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1980’s mini series The Far Pavilions gets mammoth remake



Based on a novel by M.M. Kaye and having been given a lavish mini-series treatment in 1984 (and with a cast that included John Gielgud and Omar Sharif), The Far Pavilions is to be remade in a mammoth 30 episode co-production filmed in the UK and India. It’s the largest ever co-production of it’s kind between the two countries.

The Far Pavilions is mostly set in India during the days of the Raj and tells the story of an Englishman, raised as a Hindu, and the love he has for an Indian Princess. The series is being produced by Beautiful Bay Productions with Michael Ward in India and Colin Burrows in the UK co-producing.

The series will feature top on-screen talent from India and a creative crew of both Indian and British technicians, with post-production being handled in London. The co-production was announced by Sadiq Khan, the mayor of London, in Mumbai during the U.K.-India Year of Culture.

Saddiq Khan, the Mayor of London, whilst in Mumbiar announcing the production during the UK-India Year of Culture, said: “U.K. and India’s film and TV industries have a long, proud tradition of working together. Whether it’s Bollywood hits such as Judwaa 2 and Mubarakan being filmed on the streets of London, or blockbusters like Slumdog Millionaire and The Best Exotic Marigold Hotel—British movies filmed on location in India—the creative bond between India and the U.K. is as strong as ever, and one I have been promoting during my Mayoralty.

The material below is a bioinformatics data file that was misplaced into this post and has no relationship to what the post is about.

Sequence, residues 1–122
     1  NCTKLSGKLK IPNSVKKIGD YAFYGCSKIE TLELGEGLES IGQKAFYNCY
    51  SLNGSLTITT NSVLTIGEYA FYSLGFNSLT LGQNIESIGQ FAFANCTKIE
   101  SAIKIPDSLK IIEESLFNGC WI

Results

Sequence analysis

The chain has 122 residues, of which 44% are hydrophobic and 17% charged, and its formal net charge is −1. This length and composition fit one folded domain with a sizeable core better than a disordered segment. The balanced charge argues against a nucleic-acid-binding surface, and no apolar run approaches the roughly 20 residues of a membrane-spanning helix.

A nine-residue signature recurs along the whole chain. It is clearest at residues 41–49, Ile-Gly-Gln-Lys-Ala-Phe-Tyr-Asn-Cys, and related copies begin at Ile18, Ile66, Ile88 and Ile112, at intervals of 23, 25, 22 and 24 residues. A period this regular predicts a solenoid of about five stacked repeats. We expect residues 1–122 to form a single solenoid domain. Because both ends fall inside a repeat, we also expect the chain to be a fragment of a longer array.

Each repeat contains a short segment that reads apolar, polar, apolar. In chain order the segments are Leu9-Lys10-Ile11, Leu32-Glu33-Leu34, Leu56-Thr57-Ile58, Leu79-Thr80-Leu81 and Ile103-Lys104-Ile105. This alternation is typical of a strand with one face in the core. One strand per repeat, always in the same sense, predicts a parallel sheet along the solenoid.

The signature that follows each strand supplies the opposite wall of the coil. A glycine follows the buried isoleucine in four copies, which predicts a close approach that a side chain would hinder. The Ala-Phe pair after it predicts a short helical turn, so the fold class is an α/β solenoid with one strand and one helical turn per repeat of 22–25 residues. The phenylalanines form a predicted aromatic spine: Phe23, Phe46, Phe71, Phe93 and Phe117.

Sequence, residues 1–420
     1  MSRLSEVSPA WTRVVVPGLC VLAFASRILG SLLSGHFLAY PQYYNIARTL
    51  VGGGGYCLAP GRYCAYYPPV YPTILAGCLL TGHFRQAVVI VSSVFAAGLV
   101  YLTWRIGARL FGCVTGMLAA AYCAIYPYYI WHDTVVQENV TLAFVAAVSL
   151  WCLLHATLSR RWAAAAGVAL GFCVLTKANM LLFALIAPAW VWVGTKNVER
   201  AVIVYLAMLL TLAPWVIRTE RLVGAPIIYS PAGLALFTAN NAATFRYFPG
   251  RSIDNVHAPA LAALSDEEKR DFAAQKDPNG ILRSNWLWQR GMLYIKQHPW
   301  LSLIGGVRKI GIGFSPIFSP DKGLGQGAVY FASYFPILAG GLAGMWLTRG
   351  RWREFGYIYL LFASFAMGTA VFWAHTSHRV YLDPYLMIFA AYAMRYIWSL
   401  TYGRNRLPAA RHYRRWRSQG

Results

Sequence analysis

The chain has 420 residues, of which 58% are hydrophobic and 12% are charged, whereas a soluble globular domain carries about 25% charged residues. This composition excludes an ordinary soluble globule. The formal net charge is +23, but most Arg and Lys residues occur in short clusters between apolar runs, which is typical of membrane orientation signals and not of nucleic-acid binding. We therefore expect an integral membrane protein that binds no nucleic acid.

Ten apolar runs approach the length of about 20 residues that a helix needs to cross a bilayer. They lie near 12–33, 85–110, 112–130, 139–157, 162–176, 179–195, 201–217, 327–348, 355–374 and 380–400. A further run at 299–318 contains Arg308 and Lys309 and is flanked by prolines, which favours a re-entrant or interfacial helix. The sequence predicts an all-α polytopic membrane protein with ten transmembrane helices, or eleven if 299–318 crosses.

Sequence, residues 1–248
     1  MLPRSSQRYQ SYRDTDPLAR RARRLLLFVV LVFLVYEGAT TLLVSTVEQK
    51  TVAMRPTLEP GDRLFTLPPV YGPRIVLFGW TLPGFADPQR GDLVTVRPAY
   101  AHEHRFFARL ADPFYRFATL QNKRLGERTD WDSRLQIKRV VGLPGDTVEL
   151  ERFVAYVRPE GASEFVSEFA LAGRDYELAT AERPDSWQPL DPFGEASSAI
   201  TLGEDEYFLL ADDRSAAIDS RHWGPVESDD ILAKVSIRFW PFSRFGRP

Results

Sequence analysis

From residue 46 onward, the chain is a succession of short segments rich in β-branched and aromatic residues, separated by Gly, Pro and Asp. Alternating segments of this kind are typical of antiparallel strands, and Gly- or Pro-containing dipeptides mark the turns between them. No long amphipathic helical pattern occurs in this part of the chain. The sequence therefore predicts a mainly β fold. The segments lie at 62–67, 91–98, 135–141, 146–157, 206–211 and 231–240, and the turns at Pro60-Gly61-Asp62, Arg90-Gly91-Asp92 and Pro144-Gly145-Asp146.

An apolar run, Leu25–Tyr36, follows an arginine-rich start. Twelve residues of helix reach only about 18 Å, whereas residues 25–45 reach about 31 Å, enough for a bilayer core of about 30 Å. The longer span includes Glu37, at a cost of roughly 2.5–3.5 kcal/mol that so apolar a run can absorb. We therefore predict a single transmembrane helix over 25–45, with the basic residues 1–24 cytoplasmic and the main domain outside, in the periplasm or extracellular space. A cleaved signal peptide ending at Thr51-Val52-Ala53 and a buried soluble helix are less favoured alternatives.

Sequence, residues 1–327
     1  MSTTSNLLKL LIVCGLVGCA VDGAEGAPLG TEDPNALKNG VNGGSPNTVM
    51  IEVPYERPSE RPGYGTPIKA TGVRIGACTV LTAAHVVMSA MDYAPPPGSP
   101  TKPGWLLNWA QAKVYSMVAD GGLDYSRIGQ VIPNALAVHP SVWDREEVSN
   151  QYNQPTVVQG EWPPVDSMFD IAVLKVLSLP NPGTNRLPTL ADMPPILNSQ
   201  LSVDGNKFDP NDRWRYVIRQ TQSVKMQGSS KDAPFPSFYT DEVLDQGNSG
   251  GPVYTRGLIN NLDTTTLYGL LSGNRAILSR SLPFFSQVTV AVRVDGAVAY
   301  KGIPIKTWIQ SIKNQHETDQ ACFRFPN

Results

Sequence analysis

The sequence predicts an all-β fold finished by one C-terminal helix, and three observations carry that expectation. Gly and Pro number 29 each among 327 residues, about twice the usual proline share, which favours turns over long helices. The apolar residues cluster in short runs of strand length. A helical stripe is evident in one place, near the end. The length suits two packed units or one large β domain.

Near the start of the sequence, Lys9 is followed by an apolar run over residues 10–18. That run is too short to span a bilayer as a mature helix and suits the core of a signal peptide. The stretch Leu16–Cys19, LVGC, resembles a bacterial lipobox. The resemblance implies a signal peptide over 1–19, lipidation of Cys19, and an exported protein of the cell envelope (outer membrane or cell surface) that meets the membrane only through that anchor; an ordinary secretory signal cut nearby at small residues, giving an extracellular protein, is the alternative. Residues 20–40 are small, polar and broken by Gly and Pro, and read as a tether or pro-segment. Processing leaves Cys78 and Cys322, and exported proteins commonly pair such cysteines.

“I’m delighted to announce this landmark collaboration on The Far Pavilions. It represents the best of British and Indian talent and sends a clear message to the rest of the world that London is open to partnerships, to collaboration, to creativity and for business.”

Producer Ward added: “Having based myself in Mumbai for most of the last decade, I’m excited to spearhead the Indian end of this international collaboration. It’s the perfect time to take my stage adaptation of Mollie Kaye’s masterpiece much further and deeper into its Indian cultural landscape, and to invite the best of Indian and British talents to contribute towards turning it into a high-end television series authentically written and cast for a global audience.”

Adrian Wootton, who is the the chief executive of Film London and the British Film Commission said: “From this high-end adaptation of The Far Pavilions to our own microbudget feature The Hungry, the exchange of talent, skills and business between the Indian and U.K. screen industries has enormous potential. This adaptation promises to be a sumptuous spectacle in its own right, but it’s also indicative of how our above- and below-the-line talent can come together to create a production that harnesses everything from Indian locations to London’s world-famous post-production expertise.”

We will have more on casting and so on as the series moves further into production.

Our picture above shows Ben Cross in the 1980’s version.